The top spot in this year’s “Where to Eat Now” package belongs to the city’s most ambitious chef
We published a profile of this issue’s cover star, Matty Matheson, back in 2016, and it remains one of my favourite Toronto Life features. The man we encountered back then was 34 years old, a heart attack survivor, recently sober and trying to figure out who he was without alcohol or drugs. He had a mere 101,000 followers on Instagram at the time, a new TV show, an infant son to raise and a head full of big ideas.
His health scare had rattled him, but he had a second chance at life and was generally optimistic. The writer, Courtney Shea, asked him what he wanted to achieve. “Everything,” he replied, before getting specific. Among his goals: start a fashion line, make more television and “open the sickest restaurant in Toronto.”
Matheson says a lot of things, and often at high volume—even his Instagram captions are all caps—so it was hard to tell how serious he was. And what does a sick restaurant look like, anyway?
Matheson was known for his award-winning cheeseburgers, which the team at Parts and Labour on Queen West sold in droves. (To spare you a Google search: brisket, buttered buns, bacon-onion jam, double Monterey Jack, iceberg lettuce, dill pickle mayo.) In life and in the kitchen, Matheson went heavy on the good stuff—butter, fat, salt, sauce—and light on the pretension. Simple and delicious, nothing more. It wasn’t that he couldn’t cook extravagant fare; it was that he didn’t want to.
A lot has happened since we ran our profile of Matheson. In addition to buying a farmhouse in the country, having two more kids with his wife, Trish Spencer, launching a hamburger takeout window opposite Trinity Bellwoods, collaborating on a coffee line and landing a sponsorship with Harry Rosen, he made serious progress on his to-do list. His fashion line, Rosa Rugosa, which launched last summer, produces understated, monochromatic trade garments and leisurewear. He continued to make television, and not just the home-cooking shows we were used to. He played a supporting role as lovable handyman Neil Fak in FX’s kitchen drama The Bear, which was the sleeper hit of 2022 (season two is out in July). Fashion line, check; make TV, check. But, for all of Matheson’s tireless ambition, the sickest restaurant in Toronto remained elusive.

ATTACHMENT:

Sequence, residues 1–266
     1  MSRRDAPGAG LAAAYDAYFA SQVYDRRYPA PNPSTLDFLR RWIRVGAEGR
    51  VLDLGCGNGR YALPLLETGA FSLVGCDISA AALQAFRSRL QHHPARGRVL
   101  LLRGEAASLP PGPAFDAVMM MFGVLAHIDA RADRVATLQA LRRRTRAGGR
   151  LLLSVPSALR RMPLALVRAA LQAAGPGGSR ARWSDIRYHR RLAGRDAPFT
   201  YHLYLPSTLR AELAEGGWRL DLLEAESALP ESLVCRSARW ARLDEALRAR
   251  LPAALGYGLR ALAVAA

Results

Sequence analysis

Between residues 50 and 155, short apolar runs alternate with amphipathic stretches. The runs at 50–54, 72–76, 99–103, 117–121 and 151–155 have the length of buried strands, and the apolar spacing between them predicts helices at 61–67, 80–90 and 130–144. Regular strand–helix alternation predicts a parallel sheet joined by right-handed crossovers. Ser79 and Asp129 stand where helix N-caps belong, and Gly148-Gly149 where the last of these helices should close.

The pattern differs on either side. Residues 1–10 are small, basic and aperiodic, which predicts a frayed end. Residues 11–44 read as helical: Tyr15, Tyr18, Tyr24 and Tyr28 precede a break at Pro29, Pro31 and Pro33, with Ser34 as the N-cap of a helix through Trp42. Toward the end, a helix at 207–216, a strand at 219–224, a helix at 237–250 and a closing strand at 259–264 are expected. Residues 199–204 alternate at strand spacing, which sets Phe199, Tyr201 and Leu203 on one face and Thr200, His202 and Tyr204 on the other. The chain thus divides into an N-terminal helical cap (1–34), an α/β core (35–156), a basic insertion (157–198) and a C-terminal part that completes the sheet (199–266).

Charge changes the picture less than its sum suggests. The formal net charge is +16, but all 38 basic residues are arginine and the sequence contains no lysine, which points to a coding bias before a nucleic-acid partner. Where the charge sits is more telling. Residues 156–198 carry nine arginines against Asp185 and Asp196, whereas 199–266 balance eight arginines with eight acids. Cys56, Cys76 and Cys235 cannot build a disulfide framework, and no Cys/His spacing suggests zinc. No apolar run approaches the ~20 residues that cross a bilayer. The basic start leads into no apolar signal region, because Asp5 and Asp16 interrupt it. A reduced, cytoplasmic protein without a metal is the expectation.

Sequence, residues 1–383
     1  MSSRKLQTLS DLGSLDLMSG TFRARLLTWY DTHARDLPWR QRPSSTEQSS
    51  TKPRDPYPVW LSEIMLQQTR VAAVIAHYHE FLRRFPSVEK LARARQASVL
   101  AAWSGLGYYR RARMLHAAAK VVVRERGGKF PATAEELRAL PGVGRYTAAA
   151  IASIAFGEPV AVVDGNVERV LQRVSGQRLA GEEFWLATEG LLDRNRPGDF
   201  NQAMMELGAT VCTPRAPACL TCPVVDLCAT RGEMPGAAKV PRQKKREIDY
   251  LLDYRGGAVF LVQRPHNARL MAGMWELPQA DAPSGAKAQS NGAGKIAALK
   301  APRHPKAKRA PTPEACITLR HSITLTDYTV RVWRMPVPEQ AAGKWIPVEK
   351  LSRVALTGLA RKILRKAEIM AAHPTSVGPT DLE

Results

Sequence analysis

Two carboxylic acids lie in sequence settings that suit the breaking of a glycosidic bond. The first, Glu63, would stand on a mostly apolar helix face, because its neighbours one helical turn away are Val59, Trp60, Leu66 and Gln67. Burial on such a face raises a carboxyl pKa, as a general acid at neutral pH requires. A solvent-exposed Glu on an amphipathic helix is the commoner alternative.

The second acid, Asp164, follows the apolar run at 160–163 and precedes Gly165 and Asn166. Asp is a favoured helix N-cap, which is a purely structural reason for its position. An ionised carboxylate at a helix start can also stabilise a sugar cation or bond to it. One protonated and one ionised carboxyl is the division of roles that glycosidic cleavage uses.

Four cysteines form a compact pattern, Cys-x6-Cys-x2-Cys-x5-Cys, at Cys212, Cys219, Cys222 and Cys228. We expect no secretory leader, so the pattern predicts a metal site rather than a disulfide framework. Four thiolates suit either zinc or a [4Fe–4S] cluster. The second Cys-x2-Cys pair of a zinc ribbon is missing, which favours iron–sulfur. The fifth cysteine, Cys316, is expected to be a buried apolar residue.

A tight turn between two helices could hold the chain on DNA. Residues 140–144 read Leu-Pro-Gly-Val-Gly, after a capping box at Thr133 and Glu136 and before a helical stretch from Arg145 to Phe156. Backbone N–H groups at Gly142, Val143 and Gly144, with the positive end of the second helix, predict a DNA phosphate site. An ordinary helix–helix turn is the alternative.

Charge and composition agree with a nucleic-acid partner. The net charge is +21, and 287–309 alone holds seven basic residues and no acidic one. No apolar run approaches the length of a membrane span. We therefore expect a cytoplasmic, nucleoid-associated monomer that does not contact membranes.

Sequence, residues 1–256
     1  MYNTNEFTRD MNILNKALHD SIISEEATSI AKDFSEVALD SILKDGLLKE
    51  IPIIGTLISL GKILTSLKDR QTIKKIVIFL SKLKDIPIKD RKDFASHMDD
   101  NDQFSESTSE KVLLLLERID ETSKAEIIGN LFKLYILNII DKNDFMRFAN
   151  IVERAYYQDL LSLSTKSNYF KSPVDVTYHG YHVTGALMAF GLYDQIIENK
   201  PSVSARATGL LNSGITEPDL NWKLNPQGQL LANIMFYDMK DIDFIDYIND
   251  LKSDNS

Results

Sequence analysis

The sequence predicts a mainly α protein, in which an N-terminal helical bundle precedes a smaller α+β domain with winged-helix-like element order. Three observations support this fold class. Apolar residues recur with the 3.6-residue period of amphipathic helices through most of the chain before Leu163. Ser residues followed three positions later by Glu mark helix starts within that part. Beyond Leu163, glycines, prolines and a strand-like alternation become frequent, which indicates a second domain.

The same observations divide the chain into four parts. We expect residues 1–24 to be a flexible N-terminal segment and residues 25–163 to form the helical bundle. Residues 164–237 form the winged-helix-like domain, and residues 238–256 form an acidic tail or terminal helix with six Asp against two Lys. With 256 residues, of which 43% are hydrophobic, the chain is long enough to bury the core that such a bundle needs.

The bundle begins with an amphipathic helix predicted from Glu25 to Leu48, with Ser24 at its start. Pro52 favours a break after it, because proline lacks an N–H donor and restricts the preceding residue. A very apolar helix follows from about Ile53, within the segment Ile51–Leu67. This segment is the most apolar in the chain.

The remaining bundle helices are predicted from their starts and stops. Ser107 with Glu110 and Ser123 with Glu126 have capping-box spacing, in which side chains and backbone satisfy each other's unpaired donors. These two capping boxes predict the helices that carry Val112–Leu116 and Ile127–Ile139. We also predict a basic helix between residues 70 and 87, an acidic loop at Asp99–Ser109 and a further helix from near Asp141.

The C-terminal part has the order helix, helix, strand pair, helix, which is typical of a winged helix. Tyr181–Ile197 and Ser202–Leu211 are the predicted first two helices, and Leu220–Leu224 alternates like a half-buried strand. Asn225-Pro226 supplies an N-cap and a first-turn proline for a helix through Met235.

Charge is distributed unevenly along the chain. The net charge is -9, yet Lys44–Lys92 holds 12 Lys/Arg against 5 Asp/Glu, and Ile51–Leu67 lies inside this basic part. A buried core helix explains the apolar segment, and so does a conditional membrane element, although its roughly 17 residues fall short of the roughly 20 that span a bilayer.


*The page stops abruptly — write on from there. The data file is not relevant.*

Little did we know, between nude-on-the-toilet selfies, Matheson had been plotting his master plan all along. Before Covid was even a thing, he was scouting locations. While we were bingeing Tiger King and buying masks in bulk, he was vetting his chefs, concocting the menu and fine-tuning the aesthetic. By last spring, he was figuring out how to suspend a five-and-a-half-tonne wood structure from the ceiling.
Then, finally, Prime Seafood Palace opened its doors. The interior is soft and subtle, with curved pale wood beams soaring upward, as if you’re dining in the ribcage of a very beautiful whale. “It’s the complete opposite of other steakhouses, which are all red leather, dark tables and tuxedos,” Matheson told us at the time. It’s also the opposite of snooty. “Come here in swimming trunks and flip flops. Or wear a tuxedo, I don’t give a fuck—you’re the same as everybody else.”
There were many restaurants to choose from for this year’s “Where to Eat Now” package—Kappo-style sushi; artfully plated Indian; tapas, tapas, tapas; and much more—but Prime Seafood Palace handily stole the number-one spot. As our food critic writes, at PSP’s heart lies a quintessential Mattiness: quality and simplicity. It’s intimate, excellent, unfussy and—in the best possible way—pretty damn sick.
Malcolm Johnston is the editor-in-chief of Toronto Life. He can be reached via email at [email protected].